A bunch of trees, all with the same taxNames.
This class would be good for doing things that you might want to do with a bunch of trees rather than just a single tree. For example, you might want to write out the trees to a nexus file but use a translation to keep the size of the file down – this class knows how to do that.
You can start this up in two ways:
tt = Trees() # All the trees in var.trees tt = Trees(myTreeList) # All the trees in myTreeList
This class insists on knowing the taxNames. If the list of taxNames is provided when you instantiate a Trees object, then it uses that list. (A good place to get such a list might be an alignment object, as myAlignment.taxNames).
tt = Trees(taxNames=myTaxNamesList)
Otherwise it looks for a taxNames attribute in the first tree.
Check that all trees have all taxNames.
consel(rankByInputOrder=False, clobber=False, quiet=1, tidy=1, returnResults=False, seed=0)¶
Use Shimo’s consel programs to compare trees.
The trees in self should all be optimized, and all should have models attached.
Self, the Trees object, should have a Data object attached, as self.data.
The default is to rank the output by support. You might rather have the output be in the same order as the input. Which output format is determined by the ‘rankByInputOrder’ arg.
The analysis produces various files. Whether they are overwritten if they already exist is controlled by the arg ‘clobber’. The default is to refuse to overwrite.
The consel programs produce lots of informative rubbish on the screen. Setting ‘quiet=1’ or ‘quiet=True’, (the default) sends that output to the bit bucket. The output of consel is a table, and that table is output to the screen, unless you set ‘quiet=2’, in which case it is not output to the screen.
The ‘tidy’ arg says whether to delete intermediate files, including consel_out.ci, consel_out.pv, consel_out.rmt, consel_out.vt, and the site likelihoods ‘sitelh’ file. By default it is ‘tidy=1’, (equivalent to ‘tidy=True’), meaning delete them. If you set ‘tidy=2’ then even the ouput file ‘conselOut’ is deleted.
Usually the results table will be printed to the screen (unless quiet=2), and also put in a file ‘conselOut’ (unless tidy=2), and nothing is returned. If you want the numbers, set returnResults=True, and then this method will return a list of tuples of strings of the results table contents.
Setting arg seed to a number sets the random number generator for makermt. The default is zero, which then takes the seed from the system clock.
Print summary info about self.
getNodesOnReferenceTreeCorrespondingToSelfRoots(refTree, verbose=False, drawWidth=150, printNodeNumsList=False)¶
Return a list of trees that have a split.
someTaxais a list of taxNames that define the split that you are looking for. It returns a list, not a Trees object. (If no trees are found, it returns an empty list.)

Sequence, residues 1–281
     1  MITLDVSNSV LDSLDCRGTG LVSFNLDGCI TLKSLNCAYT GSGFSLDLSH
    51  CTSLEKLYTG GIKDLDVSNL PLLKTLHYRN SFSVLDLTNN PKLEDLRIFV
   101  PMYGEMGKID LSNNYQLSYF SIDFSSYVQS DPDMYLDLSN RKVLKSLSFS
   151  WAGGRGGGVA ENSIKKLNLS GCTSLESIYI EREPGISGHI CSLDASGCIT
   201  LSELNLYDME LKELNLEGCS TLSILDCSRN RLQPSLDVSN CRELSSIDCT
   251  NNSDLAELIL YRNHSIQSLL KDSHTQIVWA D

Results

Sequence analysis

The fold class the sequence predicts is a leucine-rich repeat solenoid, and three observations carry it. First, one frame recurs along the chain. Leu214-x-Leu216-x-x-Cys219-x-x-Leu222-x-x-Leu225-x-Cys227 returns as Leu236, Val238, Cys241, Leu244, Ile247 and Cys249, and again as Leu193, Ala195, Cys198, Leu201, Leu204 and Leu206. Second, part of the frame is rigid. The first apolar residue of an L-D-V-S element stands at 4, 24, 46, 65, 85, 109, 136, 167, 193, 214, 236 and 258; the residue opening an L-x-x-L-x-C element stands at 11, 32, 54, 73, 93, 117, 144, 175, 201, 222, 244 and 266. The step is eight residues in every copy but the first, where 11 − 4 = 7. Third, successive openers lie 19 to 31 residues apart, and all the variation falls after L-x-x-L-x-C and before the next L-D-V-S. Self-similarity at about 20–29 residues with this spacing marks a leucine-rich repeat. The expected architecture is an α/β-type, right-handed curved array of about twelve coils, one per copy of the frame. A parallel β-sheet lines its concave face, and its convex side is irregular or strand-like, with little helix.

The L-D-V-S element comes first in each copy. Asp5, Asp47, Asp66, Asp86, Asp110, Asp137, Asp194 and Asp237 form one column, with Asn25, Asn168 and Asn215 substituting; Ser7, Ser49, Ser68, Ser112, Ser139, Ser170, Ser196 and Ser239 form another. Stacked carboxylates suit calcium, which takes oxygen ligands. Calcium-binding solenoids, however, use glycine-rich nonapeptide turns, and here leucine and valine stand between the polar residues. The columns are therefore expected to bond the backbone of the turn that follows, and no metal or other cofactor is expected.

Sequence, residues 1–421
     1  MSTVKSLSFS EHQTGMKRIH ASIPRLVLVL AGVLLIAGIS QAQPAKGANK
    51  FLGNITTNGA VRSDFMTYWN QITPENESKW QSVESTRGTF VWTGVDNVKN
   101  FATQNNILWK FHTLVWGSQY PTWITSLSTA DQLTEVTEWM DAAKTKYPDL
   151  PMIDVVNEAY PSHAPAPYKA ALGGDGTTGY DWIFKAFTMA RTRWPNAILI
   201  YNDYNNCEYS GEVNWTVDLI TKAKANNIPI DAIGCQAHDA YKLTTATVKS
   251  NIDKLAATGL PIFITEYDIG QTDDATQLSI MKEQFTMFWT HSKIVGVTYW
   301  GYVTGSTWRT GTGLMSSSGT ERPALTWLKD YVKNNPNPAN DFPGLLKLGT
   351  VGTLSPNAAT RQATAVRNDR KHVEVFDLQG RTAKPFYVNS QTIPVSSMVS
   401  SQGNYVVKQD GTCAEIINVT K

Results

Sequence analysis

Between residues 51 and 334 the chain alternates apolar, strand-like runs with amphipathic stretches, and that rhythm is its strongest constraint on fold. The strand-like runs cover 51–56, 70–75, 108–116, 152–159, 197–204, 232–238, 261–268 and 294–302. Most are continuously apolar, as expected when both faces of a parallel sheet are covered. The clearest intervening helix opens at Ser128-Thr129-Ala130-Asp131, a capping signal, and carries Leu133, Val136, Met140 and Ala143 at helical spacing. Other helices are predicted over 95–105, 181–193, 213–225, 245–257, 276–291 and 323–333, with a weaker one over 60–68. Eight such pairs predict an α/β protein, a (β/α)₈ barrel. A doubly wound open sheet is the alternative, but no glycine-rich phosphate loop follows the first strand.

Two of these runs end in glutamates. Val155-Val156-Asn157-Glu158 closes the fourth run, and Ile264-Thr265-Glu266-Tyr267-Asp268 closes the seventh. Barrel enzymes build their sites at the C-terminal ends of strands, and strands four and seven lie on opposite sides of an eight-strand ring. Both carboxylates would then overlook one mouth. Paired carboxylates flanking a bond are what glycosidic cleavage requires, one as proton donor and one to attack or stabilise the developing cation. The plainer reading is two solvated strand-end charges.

inputTreesToSuperTreeDistances(inputTrees, latex=False, verbose=True)¶
Make a table of supertree distances.
See the method
Tree.Tree.inputTreesToSuperTreeDistances(), which gives supertree distances from a set of input trees to a single Tree. This Trees method does the same for a bunch of trees, outputting the results in a table.
And it returns the results as a list of lists as well.
Sets and checks taxNames for self and all trees in self.
You can provide the taxNames as the arg theTaxNames, or if you do not then it looks for a taxNames list in the first tree. If it does not find one there, it makes a list from the first tree, and sorts it.
This propagates self.taxNames to all trees in self.trees, and then calls self.checkTaxNames().
Returns a DistanceMatrix object showing topology distances.
p4.tree.Tree.topologyDistance()method to compare trees. That method returns distances between pairs of trees, and this method simply collates those distances into a
p4.distancematrix.DistanceMatrixobject, which is returned.
p4.tree.Tree.topologyDistance()for an explanation of the different metrics.
trackSplitsFromTree(theTree, windowSize=200, stride=100, fName='trackSplitsOut.py')¶
See how slits from theTree changes over the trees in self.
This looks at how some splits change over the trees in self (self is a Trees object). The splits that are tracked are the ones in the arg theTree. If you only wanted to track one split, you could supply such a tree with only that one split.
It uses a moving window, given by the windowSize arg. The stride is the distance between centers of the windows. So in the default, with windowSize=200 and stride=100, the first trees looked at will be from 0–199, and the second window will be from 100 – 299. Note that because the stride is less than the windowSize, there are overlapping windows.
The output is to a python file, which you can examine or plot later.
Order the trees in self by frequency of occurrence.
This provides a posterior probability for the tree topology if trees are sampled from an MCMC. The tree with the highest number of occurrences is the MAP tree.
If writeNexus is True a Nexus tree file called
treeProbabilities.nexis written with tree posterior probabilities as weights. If that file exists, it will be silently over-written!
The tree probs list of lists is returned.
(Thanks to Cymon Cox for this method.)
Write out the list of trees in Newick format.
Good for phylip and puzzle. Long names are not modified, which might get you into trouble.
writeNexus(fName=None, append=0, withTranslation=0, writeTaxaBlock=1, likeMcmc=0)¶
Write the trees out in NEXUS format, in a trees block.
If fName is None, the default, it is written to sys.stdout.
#NEXUS is written unless we are append-ing.